Tanks believed to have attacked area residents say is not close to any military target
Twenty-seven people have been killed and 106 injured after a market in a poor area south of Khartoum was shelled, according to local residents.
Six tank shells were fired from al-Shajara, one of the few areas the army controls in the Sudanese capital, towards the neighbourhood of Mayo, residents said.
Sources said the death toll could rise significantly because many of the injured were unable to get to hospitals for treatment.
Mayo is populated mostly by people who have not been able to afford to leave Khartoum since fighting broke out between the army and the paramilitary Rapid Support Forces (RSF) on 15 April. It is not known to be near any military target in the capital, which is 90% controlled by the RSF.
“Medical staff are under pressure to deal with so many cases with limited staff,” the Sudanese Doctors Trade Union said. “We call all doctors and medical cadres who are nearby to come to the hospital so they can help as much as they can.”
Abdelmotal Saboon, a resident in the area and volunteer at the nearby al-Bashair hospital, said: “Really it’s been the worst day I saw since the beginning of the war, scenes I will always remember the women and children and men in awful shape. I do not know the reason for using the heavy artillery, apart from killing innocent people.”
Mohamed Zain, another resident of Mayo, said: “Nobody can afford to leave here, all our relatives are here, they cannot flee.”
The incident came a day after Abdel-Fattah al-Burhan, the head of the Sudanese army and the de-facto leader of the country, announced he would be pulling out of US and Saudi-brokered ceasefire talks, accusing the RSF of failing to honour its commitments.
In front of army soldiers at the military headquarters, Burhan said they would use deadly force against the enemy.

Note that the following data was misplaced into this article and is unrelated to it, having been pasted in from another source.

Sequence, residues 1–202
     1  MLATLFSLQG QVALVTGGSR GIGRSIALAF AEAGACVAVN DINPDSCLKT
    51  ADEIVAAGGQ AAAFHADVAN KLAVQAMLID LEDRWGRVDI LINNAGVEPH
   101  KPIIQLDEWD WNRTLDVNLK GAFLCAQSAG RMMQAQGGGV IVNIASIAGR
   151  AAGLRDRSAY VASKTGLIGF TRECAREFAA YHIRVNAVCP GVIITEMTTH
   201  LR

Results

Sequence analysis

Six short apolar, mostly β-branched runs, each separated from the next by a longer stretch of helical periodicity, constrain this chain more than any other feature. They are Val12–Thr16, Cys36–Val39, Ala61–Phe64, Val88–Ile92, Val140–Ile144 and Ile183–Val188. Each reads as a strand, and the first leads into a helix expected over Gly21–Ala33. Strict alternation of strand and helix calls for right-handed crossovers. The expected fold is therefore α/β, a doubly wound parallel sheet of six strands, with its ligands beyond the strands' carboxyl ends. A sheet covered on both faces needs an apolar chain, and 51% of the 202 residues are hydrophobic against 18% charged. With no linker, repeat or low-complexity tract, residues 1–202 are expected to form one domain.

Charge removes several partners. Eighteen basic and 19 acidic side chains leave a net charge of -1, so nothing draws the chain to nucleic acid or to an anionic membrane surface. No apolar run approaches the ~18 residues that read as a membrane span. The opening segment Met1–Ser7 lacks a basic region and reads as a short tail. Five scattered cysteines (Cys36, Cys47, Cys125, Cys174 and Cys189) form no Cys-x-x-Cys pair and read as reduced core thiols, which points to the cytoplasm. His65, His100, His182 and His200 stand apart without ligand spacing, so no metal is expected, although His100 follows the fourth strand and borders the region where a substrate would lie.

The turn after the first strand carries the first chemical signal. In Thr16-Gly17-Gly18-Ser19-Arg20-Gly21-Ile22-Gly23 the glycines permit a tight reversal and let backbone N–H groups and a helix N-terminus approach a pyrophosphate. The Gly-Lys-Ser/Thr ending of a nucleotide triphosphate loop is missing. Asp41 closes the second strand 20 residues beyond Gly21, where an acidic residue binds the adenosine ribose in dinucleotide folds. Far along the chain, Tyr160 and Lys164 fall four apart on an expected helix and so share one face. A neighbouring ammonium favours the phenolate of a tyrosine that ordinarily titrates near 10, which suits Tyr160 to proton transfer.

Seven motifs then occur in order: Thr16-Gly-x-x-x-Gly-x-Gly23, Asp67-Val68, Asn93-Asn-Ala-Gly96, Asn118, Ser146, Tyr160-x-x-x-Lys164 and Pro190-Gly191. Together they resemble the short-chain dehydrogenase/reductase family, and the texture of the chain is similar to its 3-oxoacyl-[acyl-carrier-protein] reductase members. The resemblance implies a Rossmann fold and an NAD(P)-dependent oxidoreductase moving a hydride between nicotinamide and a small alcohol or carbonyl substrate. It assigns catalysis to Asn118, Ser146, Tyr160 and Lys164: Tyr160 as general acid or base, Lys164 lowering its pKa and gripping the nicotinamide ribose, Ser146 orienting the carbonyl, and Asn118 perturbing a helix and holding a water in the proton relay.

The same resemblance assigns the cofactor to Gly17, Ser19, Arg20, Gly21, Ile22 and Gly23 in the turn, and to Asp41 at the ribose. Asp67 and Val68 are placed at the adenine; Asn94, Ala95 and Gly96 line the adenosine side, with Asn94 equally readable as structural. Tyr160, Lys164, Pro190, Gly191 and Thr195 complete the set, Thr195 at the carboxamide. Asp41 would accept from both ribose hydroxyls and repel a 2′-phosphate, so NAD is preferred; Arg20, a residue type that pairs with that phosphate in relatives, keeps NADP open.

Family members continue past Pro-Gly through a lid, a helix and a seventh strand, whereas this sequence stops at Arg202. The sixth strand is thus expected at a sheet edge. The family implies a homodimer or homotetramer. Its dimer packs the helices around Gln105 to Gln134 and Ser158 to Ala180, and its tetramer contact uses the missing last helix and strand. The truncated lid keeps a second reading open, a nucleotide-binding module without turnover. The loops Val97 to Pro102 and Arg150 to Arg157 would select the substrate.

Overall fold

“We are carrying this battle on behalf of the Sudanese people, we are seeing what happened to them. We do not want to use deadly force … but if the enemy does not comply and respond we will be obliged to use it. Do not listen to the media, it’s fake, the army is one and the army is all over Sudan … all the Sudanese people are soldiers, they are all standing with you in this battle.”
US and Saudi mediators have blamed both sides for violating a truce that was supposed to enable secure corridors for delivering aid to an increasingly needy population.
Different parts of Khartoum’s neighbouring city of Omdurman have been hit by heavy artillery since Wednesday, with military sources saying they are targeting RSF forces stationed at the national TV station there and a strategic building that was taken by the RSF on Wednesday.
More than 1.2 million people had been displaced internally by the fighting, and an additional 400,000 fled across borders, the UN said on Tuesday. At least 730 have been killed according to official counts though the actual number is likely to be far higher.
Outside Khartoum, clashes have flared in big cities in the western region of Darfur. A regional rights group said at least 50 people had been killed in the past week in the westernmost city of Geneina, where hundreds were previously killed in militia attacks. In the city of Zalingei, the group said a hospital and university were looted and people were being killed “randomly”.
On Thursday the US said it would levy sanctions against people “who are perpetuating the violence” in Sudan.
“The scope and scale of the bloodshed in Khartoum and Darfur, in particular, is appalling,” the White House national security adviser, Jake Sullivan, said. “The failure of the Sudanese armed forces and Rapid Support Forces to abide by the ceasefire only further deepens our concern that the people of Sudan will once again face a protracted conflict and widespread suffering at the hands of the security forces.”